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Haiti: Recovering from Hurricane Matthew and 2010 earthquake

Reporter: Yao Haiyan 丨 CCTV.com

10-12-2016 14:23 BJT

To Haiti now, where Hurricane Matthew has left the country in a catastrophic state. The United Nations says the country is in desperate need, calling for almost 120-million dollars in aid. The storm is believed to have killed around one-thousand people, with survivors at risk of famine and cholera. Making things worse is that the country is still struggling after it was devastated by a magnitude-7 earthquake in 2010.
Travel through South Western Haiti right now and it does seem as if a recent, terrible history is repeating itself.Buildings were so badly damaged by Hurricane Matthew. The scene is reminiscent of an earthquake.And almost everyone over the age of 6 in Haiti knows, all too well, an earthquake's destructive power.

It was in 2010 that one of the most catastrophic tremors in history claimed an estimated 200,000 lives here.Billions of dollars were pledged to the country. Multiple aid agencies poured in.Many lives were saved. But, in the chaos, money went missing or never arrived.And Haiti, as we all have been reminded this week, ended up as vulnerable as ever.

At Port-au-Prince airport a new aid operation is being ramped up, as the world does what it can to help the victims of this latest disaster.Food, water, and shelter is being airlifted and trucked to the vulnerable areas.Many of those on the ground here say the experience of the 2010 earthquake means this can be done more efficiently.

"It certainly is, so before I came out here we were reading after actual reports finding the lessons learned coming out of 2010 and the earthquake. And so I think we have learnt from that. I think every contingency is different and one of the things we really pride ourselves on in the air force is that flexibility. To be able to respond in contingency you adjust. You learn and you adjust." Major Sean Mcgarvey,one of the US air force said.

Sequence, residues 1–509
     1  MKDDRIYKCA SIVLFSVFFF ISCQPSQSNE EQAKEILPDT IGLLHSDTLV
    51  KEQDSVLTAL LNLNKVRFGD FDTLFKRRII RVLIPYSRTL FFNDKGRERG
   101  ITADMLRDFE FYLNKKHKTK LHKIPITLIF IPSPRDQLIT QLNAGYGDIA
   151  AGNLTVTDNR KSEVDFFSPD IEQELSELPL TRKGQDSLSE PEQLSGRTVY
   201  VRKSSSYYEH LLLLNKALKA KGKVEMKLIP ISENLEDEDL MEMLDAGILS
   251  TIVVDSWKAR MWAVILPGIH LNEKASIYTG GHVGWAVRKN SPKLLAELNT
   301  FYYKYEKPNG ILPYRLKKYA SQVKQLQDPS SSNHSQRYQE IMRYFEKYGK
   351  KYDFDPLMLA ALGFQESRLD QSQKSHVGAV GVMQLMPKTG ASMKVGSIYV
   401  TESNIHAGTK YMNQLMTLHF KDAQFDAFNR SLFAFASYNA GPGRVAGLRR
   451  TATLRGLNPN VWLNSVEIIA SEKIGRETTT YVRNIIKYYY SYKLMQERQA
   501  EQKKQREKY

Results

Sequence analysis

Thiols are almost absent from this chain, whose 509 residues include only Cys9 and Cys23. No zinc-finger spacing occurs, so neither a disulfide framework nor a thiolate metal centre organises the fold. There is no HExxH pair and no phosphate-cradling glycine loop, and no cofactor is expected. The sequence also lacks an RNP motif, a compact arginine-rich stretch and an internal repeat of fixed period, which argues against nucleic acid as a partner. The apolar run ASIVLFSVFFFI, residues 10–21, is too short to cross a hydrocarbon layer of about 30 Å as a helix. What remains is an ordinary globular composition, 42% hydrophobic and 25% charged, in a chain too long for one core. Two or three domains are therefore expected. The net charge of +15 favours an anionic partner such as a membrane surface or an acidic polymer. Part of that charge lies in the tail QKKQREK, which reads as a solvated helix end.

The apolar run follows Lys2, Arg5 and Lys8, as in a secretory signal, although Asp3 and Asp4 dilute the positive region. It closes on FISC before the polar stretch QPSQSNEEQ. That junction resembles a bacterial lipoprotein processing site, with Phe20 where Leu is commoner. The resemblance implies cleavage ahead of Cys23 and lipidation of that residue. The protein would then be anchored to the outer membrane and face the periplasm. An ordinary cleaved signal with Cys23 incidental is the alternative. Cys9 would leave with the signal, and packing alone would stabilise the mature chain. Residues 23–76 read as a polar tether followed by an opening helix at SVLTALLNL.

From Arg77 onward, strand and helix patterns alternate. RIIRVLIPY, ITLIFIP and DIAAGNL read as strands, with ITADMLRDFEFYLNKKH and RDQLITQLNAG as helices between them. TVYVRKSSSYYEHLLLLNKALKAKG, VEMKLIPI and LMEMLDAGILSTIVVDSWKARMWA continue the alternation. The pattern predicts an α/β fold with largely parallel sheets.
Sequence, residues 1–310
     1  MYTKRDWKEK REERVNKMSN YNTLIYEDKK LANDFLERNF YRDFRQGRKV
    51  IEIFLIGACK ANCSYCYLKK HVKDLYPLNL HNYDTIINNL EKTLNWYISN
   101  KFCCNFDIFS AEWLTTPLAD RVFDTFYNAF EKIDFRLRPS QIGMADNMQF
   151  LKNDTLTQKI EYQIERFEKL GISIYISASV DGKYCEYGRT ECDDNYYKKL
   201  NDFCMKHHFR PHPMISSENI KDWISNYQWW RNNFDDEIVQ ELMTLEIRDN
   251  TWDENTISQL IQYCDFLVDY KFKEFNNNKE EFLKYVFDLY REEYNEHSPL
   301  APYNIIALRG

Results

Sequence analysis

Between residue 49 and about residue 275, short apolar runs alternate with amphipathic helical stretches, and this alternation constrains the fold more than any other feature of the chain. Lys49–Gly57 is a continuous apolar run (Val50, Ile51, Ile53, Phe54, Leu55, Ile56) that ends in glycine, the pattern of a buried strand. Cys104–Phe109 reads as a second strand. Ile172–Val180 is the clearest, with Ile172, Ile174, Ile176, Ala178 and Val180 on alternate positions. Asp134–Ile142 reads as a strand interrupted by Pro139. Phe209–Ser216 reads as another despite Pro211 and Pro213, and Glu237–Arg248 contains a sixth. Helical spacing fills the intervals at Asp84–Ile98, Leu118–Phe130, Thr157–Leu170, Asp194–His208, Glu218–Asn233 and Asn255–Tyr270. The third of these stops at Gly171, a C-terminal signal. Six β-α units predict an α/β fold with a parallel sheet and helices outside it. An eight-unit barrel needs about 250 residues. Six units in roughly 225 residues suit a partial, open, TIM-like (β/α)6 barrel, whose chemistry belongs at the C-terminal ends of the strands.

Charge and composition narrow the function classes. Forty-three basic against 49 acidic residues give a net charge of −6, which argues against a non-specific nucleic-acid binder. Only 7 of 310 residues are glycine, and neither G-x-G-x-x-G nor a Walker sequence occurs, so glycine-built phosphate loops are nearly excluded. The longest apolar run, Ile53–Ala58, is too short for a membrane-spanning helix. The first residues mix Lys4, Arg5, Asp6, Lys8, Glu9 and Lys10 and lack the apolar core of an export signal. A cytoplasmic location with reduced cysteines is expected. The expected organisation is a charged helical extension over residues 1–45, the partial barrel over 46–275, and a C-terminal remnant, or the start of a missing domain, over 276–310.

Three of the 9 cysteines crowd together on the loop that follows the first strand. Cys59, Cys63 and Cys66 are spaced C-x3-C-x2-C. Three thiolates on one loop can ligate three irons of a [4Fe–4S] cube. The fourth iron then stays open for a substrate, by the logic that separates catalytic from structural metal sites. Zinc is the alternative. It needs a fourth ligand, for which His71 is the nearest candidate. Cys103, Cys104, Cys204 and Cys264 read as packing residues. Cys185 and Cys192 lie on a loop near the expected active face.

At the airport, Haiti's interim President was observing the aid effort.Jocelerme Privert is in office because elections here have been repeatedly postponed - the latest delay because of the hurricane.He told CCTV that emergency aid is essential and welcome, but ultimately what Haiti needs is assistance to rebuild.
"I am asking that the foreign aid allows us to regenerate our agriculture, to prevent widespread famine. It should help us build a fresh water system, not just distribute bottles of water to the population."Haitian interim president Jocelerme Privest said.

The president does not mention the word famine lightly.He believes there is a serious risk.The hurricane has destroyed massive areas of agricultural land.

People are going to struggle to fend for themselves when all the trees are down.Fedner Ren a banana farmer saw his entire crop lost.

"Of course it is going to take financial resources to start planting over again. We really need to do that. It is now that people are going to be hungry in Haiti." Fedner Ren, a Haiti's farmer said.

There is an additional acute risk here, also linked to the earthquake.UN peacekeepers that arrived in Haiti in 2010 inadvertently brought cholera with them. 10,000 Haitians have since died from the disease.Now with so much of the country without fresh water a major outbreak is feared.

Haiti has been the victim of appalling misfortune.Hit by two massive natural disasters within a relatively short space of time. And there's a sad realization here.That unless this country's infrastructure is properly rebuilt and strengthened, this cycle will never end.

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